.587* b
.490* b
.458* b
.813* b
.164 b
.347* b
.292* b
.823* b
.118 b
.561* b
.375* b
.374* b
.692* b
.501* b
.818* b
.314* b
.801* b
.767* b
.264* c
.780* c
.792* c
.643* c
.589* c
.873* c
.882* b
*Pearson product-moment correlation coefficients significant at p < .01
n = 827; b n = 88; c n = 99
The first one-way between subjects MANCOVA was performed on the four subscales of SATS.
With the use of Wilks’ criterion, math grades appeared to have a significant covariate effect on
the combined dependent variables, F(4,816) = 25.04, p <.01. There was a small association
between the combined dependent variables and the covariate (η2 = .11). After adjusting for math
grades, the effect of secondary education type on the combined dependent variable was also
significant, F(8,1632) = 4.11, p <.01, although it only accounted for about 2% of the variability in
SATS subscales.
Table 2.
Roy-Bargman tests of covariate (math grades) and main effect (secondary education) on SATS subscales
Dependent variables
Covariate (Math grades)
SATS-Cognitive Competente
SATS-Cognitive Competente
Secondary education
Stepdown F
* p < .01
To assess the relative importance of the dependent variables, Roy-Bargman step-down analyses
were performed. The order of dependent variables in step-down analysis was based on a pilot
study (Carmona, 2002). Results of these analyses are summarized in Table 2. According to these
analyses, math grades were significantly related to SATS-Affect and SATS-Cognitive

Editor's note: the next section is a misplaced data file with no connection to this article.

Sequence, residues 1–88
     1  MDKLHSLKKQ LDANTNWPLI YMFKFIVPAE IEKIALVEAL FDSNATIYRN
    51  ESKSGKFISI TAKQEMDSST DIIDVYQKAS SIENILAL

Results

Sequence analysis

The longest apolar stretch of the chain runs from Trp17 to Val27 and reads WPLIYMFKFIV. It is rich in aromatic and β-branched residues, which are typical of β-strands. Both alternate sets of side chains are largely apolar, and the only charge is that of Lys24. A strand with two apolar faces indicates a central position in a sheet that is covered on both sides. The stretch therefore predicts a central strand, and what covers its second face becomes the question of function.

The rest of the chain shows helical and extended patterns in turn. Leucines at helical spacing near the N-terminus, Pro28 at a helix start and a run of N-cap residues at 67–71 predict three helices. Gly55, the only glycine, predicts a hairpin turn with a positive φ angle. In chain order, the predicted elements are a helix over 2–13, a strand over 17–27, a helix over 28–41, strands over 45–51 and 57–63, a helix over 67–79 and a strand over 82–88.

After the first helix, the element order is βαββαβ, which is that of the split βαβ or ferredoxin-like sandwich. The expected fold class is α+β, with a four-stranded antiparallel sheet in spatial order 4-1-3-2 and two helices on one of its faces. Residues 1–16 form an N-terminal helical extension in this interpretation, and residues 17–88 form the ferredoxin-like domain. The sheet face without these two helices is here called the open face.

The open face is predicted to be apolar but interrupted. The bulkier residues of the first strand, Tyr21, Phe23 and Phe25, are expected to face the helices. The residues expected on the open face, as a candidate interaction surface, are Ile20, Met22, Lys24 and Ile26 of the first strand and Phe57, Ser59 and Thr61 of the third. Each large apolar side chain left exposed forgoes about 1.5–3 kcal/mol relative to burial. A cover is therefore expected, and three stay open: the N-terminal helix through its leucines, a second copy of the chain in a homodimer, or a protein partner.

Competence. Step-down analyses also showed that students in lower, middle and upper levels of
math secondary education significantly differed in SATS-Affect. With lower scores indicating
less positive feelings concerning statistics, the more math-oriented group scored the highest in
SATS-Affect (M(adj) = 4.66, SE = 0.07), followed by the middle group (M(adj) = 4.47, SE = 0.06)
and the less math-oriented group (M(adj) = 4.02, SE = 0.09).
The other MANCOVA analysis was performed on the two ATS subscales. A significant
multivariate effect of covariate on the ATS subscales (Wilks’ λ = 0.81, F (2,82) = 9.46, p < .01)
was found. The effect of secondary education type after adjustment for math grades was
significant at 95% confidence level, F(4,164) = 2.94, p = .02. There was a moderate association
between the combined dependent variables and the covariate (η2 = .19). The association of
secondary education type with ATS subscales (η2 = .07) was also higher than that of SATS
subscales. Given the correlation between the dependent measures (r = .37), a Roy-Bargman stepdown analysis was done (Table 3). Based on the pilot study, ATS-Course was given the highest
priority. The results of step-down analyses showed that math grades were significantly related to
ATS-Course. Roy-Bargman analysis revealed also a statistically significant difference among the
three groups on this subscale. The estimated means, adjusted for math grades, of the upper,
middle and lower group on ATS-Course were 4.79 (SE = 0.19), 5.00 (SE = 0.21) and 4.06 (SE =
0.22), respectively.
Table 3.
Roy-Bargman tests of covariate (math grades) and main effect (secondary education) on ATS subscales